The later films from Bette Davis’ studio years are always interesting, because her real life had intruded so heavily into her working life and Hollywood image that she was forced into a sort of typecasting, being suited — at least according to studios and audiences — only for characters with a hard edge to them, women who had lived expansive and interesting lives. Hollywood has always been about physical appearance, and around 1941, Bette began to age quickly, as has been noted more times than anyone cares to count. Her voice deepened, her eyelids grew heavier, and her every movement conveyed a bitter East Coast weariness. And it all happened within just a few short years; a hairstyle that in 1941’s The Great Lie looked terrific on her was completely age inappropriate less than five years later.
This was never more evident than in Mr. Skeffington (1944). Bette was a hard drinker and heavy smoker, and it showed to the extent that her earlier scenes as Fannie Skeffington were more than a little strained. Beyond that, her husband Arthur Farnsworth had died suddenly just prior to filming, which understandably aged her. His strange death after falling on a sidewalk on Hollywood Blvd. at such a young age caused a sensation. Rumors were rife that Bette and Arthur had a terrific public row which ended with her pushing him down a flight of stairs at their home. Those rumors turned into an inquest, and though Bette was cleared, to this day, people choose to believe she probably murdered him; these people are occasionally polite enough to say she “accidentally” pushed him down the stairs, but the implication is clear. The scandal and poor critical reception for Mr. Skeffington was not ignored by Warner Bros., who from then on out gave her roles that were specifically designed for older women.
Not that Bette was all that old. During filming for Winter Meeting (1948), she was only 39, but her love interest, played by an actor just one year younger than Bette, actually looked a decade younger. Warner Bros. often paired her with men who were about her age but who appeared to be in their late 20s, thanks to the magic of Hollywood — Perc Westmore and other stylists could work miracles sometimes, but the makeup on Bette as her career waned was often a disaster.
Her best roles during this era were practical, sophisticated women, often successful in their careers, and Susan Grieve in Winter Meeting is one of those terrific women. A well known poet with old family money and a fabulous New York literary lifestyle, Susan tags along on a sort of double date with her bitchy gay friend Stacy Grant (a terrific John Hoyt), who is trying to entertain a decorated war hero by the improbable name of Slick Novak (Jim Davis). Stacy’s pretty party girl secretary Peggy Markham (Janis Paige) is brought along as the woman meant to entertain Novak, but he instead has eyes for Susan, a content Yankee spinster who doesn’t suffer fools gladly and has very little interest in dancing. “I have no emotions worth mentioning,” she tells Stacy. “Maybe I should have a cat.”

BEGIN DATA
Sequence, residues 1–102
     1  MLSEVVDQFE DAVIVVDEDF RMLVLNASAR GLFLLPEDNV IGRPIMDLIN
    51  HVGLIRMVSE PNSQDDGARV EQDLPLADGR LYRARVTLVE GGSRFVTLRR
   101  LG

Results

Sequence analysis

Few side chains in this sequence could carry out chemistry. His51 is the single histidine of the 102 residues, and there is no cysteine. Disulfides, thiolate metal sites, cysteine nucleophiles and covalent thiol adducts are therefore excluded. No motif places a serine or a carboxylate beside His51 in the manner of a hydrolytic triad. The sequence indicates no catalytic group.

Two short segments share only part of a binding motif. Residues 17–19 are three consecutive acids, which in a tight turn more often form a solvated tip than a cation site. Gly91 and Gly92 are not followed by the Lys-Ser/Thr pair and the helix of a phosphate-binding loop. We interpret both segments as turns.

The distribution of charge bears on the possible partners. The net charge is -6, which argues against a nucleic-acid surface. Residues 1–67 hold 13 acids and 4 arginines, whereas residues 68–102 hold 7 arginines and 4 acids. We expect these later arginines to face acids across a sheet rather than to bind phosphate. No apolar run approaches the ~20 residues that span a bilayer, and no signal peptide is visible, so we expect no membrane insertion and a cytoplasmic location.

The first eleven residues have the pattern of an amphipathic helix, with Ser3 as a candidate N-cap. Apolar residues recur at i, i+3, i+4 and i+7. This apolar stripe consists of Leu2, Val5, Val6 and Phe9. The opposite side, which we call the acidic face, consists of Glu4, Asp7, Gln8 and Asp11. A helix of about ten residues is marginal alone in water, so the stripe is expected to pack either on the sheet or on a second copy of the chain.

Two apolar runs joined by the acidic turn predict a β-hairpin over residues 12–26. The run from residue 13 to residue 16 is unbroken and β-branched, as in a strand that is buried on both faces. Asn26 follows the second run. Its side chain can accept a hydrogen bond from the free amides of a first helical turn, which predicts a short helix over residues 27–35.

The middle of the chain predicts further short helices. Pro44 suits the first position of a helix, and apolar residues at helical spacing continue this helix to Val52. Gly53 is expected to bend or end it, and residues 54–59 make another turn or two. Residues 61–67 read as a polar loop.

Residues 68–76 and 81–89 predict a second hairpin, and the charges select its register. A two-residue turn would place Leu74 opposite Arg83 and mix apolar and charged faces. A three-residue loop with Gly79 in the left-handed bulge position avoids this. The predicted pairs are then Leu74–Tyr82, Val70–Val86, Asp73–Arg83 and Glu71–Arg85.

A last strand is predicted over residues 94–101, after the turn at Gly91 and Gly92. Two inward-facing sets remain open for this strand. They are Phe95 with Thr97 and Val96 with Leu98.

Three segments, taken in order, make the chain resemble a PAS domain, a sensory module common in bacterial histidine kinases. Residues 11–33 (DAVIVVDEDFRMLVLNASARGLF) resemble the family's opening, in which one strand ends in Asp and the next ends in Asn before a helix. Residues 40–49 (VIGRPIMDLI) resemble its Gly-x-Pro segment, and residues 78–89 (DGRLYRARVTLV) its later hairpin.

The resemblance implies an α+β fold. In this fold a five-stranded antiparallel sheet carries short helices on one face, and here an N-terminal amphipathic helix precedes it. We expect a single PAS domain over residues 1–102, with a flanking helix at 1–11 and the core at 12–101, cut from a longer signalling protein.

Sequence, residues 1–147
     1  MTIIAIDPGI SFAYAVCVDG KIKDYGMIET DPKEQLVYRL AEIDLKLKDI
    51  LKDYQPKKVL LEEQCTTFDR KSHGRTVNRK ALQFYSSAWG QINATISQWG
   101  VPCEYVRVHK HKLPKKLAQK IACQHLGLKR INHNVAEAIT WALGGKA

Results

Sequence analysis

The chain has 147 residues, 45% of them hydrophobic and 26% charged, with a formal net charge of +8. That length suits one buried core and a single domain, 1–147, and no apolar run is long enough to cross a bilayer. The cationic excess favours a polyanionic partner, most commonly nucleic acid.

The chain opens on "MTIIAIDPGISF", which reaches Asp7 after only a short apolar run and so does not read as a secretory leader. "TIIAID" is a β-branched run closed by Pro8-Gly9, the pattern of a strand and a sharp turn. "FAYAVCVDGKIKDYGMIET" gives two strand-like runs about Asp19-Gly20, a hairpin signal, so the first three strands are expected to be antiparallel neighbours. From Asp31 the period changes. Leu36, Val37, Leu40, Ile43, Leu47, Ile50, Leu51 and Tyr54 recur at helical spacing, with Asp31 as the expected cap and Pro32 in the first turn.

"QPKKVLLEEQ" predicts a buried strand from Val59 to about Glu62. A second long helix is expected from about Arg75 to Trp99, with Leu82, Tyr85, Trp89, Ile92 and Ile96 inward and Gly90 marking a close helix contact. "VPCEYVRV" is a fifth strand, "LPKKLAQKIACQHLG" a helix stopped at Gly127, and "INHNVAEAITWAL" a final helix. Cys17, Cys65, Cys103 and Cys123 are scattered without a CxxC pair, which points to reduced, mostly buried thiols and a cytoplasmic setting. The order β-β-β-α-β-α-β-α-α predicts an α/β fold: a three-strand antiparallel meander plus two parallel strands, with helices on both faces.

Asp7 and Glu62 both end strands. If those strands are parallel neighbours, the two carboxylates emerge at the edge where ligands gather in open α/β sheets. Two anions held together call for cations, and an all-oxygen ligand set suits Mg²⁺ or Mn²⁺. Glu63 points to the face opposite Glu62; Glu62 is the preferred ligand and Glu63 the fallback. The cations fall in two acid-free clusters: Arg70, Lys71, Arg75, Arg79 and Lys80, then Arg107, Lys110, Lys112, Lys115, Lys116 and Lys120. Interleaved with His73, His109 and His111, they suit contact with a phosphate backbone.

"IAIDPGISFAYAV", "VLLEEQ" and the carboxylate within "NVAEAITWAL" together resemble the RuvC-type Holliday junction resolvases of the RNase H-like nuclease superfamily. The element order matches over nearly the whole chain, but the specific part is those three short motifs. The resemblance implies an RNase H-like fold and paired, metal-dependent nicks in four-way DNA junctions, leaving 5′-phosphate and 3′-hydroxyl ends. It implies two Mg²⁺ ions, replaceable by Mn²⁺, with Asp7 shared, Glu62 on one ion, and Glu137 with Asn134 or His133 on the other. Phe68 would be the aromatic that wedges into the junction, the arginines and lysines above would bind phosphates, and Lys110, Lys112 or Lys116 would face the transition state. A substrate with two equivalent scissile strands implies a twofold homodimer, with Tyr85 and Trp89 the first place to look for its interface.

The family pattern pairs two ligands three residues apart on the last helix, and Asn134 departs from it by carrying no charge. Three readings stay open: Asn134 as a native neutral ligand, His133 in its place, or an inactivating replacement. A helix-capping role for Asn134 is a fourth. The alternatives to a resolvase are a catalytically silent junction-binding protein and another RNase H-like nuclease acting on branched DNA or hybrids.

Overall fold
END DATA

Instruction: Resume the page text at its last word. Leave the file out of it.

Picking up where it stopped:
Both Novak and Susan are uncomfortable around people, outcasts — at least outcasts in the way Hollywood portrayed them in the 1940s — but find in each other a kindred spirit. Also, they are absolutely adorable together. The jealous look on Peggy’s face when Novak goes up to Susan’s apartment after their night out is worth the entire price of admission for this film, as is Stacy’s shrugging sophistication. If anything, Stacy probably wonders why Susan hasn’t had more men up to her room; it’s not the 1800s anymore, you know.
Bette is wonderful in Winter Meeting, exhibiting a terrific comedic timing and sharp, witty sarcasm she didn’t usually get a chance to indulge in. John Hoyt is also a delight, and there is frankly not enough of him in the film. As vengeful party girl Peggy, Janis Paige isn’t given all that much to do, but she makes the most of the role; it’s very much a small part made larger by a fine actress, and she reminds me a lot of Jean Hagen here.
The film falters a bit with Jim Davis, who was never a good actor, though I think we all liked him as Jock Ewing on “Dallas,” and my good friend Ivan could probably list 150 TV Westerns Davis guested on. Here, though, the actor seems as lost as his character, walking sometimes as though he wasn’t really sure of his blocking, and defaulting to angry when he didn’t know how else to read a line. The plot also starts to get a little bizarre as Novak and Susan reveal their too-convenient Freudian baggage after they spend a holiday out at her family’s country home. It turns into a Joan Crawford vehicle , a melodrama of morality and sacrifice, and modern audiences will probably wish it would go back to the bitter New York scene as soon as possible.
Still, this is a worthwhile film to seek out, if for no other reason than Bette and Jim are really cute together. I don’t see Winter Meeting much on TCM — the most recent viewer review on their page for the film is from 2010 — but it has been released from Warner Archives in a MOD DVD, in a really nice print with surprisingly good resolution. The film is a little shaky (what I always blame on sprockets, knowing full well I have no damn idea what causes the film to move like that) but those of us who watch a lot of classic films are used to that by now, I imagine. Winter Meeting is very much of its time, a different, interesting little film, and highly recommended.
 Those of you who know how difficult it was for me to not use the word “lesser” here: Thank you for still being my friend.